Best Tiger Offensive Seasons

On Friday we took a look at the worst Tigers offensive seasons. Today we’ll take a look at some of the best.

I’ll use a similar methodology to the suckage index only this we’ll call the awesomeness index. What I did was look for the top OPS+ seasons where the player had a minimum of 450 plate appearances (I upped this from the 300 used in the suckage index. The calculation was simply:


It’s not at all scientific, and don’t mind the resulting values too much. This is was simply a way to rank the players combining success and playing time.

The top 10 awesomeness seasons follow:

The full spreadsheet is also available

Not surprisingly Ty Cobb dominates with 7 of the top 10 seasons and 12 of the top 21. Combined with Harry Heilman’s and Sam Crawford’s efforts, only 9 of the top 25 season came after 1930. And 4 of those 9 were Hammerin Hank Greenberg seasons which occurred from 1934-1940.

With the way things are balanced it makes Norm Cash’s 1961 all the more impressive – and out of the ordinary. That year Cash finished first in batting average, on base percentage, hits, walks, and second in slugging percentage. He also finished a rather distant 4th in the MVP voting (Maris was first and a very comparable Mantle season was 2nd). He drew 19 intentional walks and the rest of the team drew 20. But his season is probably best known for his admission of using a corked bat.

In the post-Kaline era only 2 seasons ranked in the top 50. Cecil Fielder’s 51 homer campaign in 1990 was good enough for 16th. Alan Trammell’s MVP-runner-up 1987 season placed 35th.

Fortunately, unlike the suckage list there were many repeat appearances on this list. Ty Cobb had 15 seasons ranking in the top 50 while Crawford and Greenberg each had 7. Heilmann followed with 6 and Kaline was next with 5.

The years with multiple players were 1907-09, 1911, 1913, 1917, 1919, 1921-22, 1925-26, and 1961. The 07-09 teams all finished first in the AL The 1961 team had Rocky Colavito who posted 45 homers and a OP+ of 157. Because they finished behind the Yankees it is easy to forget just how good that 101 win season was.

11 thoughts on “Best Tiger Offensive Seasons”

  1. One of the things I found interesting is that 3 players went back to back with one season being near the start of their career and the next towards the end.

    Cobb 1922&1907 ranked 20,21
    Kaline 1955&1967 ranked 22,23
    Crawford 1903&1913 ranked 40,41

  2. 14 out of 16 seasons Cobb was made the top 50.
    From 1907-1913, 1915-1919, 1921&22

    1907-1909 & 1911-1913 Both Cobb and Crawford made the top 50.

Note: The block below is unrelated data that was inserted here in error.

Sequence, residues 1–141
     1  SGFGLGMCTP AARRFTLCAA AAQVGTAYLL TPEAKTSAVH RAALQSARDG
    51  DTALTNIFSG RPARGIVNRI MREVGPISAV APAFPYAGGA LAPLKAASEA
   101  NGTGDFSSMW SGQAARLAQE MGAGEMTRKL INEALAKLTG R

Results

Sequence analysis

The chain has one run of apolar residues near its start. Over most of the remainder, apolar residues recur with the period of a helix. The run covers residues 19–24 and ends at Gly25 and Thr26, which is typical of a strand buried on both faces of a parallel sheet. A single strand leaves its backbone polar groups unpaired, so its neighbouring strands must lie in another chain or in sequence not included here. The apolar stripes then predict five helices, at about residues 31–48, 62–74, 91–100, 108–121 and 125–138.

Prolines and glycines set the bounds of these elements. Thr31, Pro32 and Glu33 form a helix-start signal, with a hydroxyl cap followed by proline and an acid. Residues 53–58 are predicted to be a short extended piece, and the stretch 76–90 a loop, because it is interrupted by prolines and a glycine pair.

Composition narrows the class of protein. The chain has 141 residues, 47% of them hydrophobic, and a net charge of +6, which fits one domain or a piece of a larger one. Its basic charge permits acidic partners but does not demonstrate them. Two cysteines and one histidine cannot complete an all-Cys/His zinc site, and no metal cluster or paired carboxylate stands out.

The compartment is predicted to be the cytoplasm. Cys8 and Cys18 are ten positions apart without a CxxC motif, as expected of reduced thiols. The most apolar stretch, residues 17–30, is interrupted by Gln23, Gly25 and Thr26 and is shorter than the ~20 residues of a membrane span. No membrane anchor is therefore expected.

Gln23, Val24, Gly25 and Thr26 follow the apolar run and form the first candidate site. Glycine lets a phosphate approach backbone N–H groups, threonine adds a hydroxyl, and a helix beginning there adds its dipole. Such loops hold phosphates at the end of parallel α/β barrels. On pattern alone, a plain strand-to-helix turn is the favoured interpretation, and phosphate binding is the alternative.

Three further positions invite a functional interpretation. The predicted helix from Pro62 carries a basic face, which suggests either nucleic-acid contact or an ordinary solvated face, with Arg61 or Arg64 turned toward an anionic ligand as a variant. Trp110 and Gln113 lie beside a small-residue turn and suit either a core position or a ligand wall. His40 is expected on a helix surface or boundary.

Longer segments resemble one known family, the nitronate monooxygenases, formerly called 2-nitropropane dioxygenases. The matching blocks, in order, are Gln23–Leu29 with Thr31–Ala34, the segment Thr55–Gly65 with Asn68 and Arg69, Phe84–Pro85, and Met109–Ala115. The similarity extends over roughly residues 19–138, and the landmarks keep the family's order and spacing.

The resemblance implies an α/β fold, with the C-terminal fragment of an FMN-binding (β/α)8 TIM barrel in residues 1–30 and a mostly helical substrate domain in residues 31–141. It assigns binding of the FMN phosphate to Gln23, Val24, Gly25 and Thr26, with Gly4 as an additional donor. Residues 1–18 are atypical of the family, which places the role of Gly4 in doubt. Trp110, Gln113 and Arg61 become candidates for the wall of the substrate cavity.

3. Hey Billfer,

    Love the post, However is there a way to do something in the 50’s and up to last year, thats about as far back as anyone using the internet can remember.
    While its nice to know where Ty Cobb was, I never saw him play and its hard to relate to players that long ago. Now Ed Brinkman, I had on my Strat o Matic team one year and your right, he was Bogus.


  4. And, while we’re doing this, can we do something similar for pitchers, both good and bad? This is a great topic. I’m anxious for spring training to start.

  5. Steve –

    Here are the best seasons for 1950-2006 by OPS+. I didn’t calculate the awesome index for these, but it doesn’t really shuffle the results greatly.
    Best Offensive Tigers Seasons 50-06

    Greg – I’ll do the pitchers shortly. Once gets the pitcher data sortable in the same way I’ll tackle it.

  6. I haven’t committed the Collected Works of Bill James to memory yet, so I can’t offer a specific reference… but I believe he did a study that indicated a gradual decline in the difference between superstars and everyday players. If I can try to explain this simply, in the early days of baseball, a supremely gifted player had a huge edge over his more pedestrian counterparts. As coaching, training, diet and exercise have improved over the years, this “talent gap” has been shrinking. That would explain why Cobb so dominates this list — he towered over his contemporaries in a way that’s virtually impossible to do in today’s game. Yes, he’s a great player, but I think the “talent gap” skews this list in favor of the old-timers.

    Clear as mud? Thought so.

  7. Thanks for doing all of this research. It’s been interesting to look over the numbers. I agree with the guy who asked if you’d be doing something similar for pitchers. That would be interesting too.


  8. jvwalt — it was from his historical encyclopedia — there were lots of factors, including integration and the creation of minor league systems that “matured” the major leagues and made it more difficult for a player to have a season like Nap Lajoie’s .424 average in the first season of the AL.

    I’m paraphrasing, but his point was the truly eye-popping seasons usually occurred in marginal major leagues.

  9. Thanx for the research! Cobb was playin in the 1900s so if I had to pick the best season since I was alive, I would say Cecil’s year that he hit 51. It was only 51, but it felt like 90. And he had good bat speed then and I think he got a lot of RBIs.

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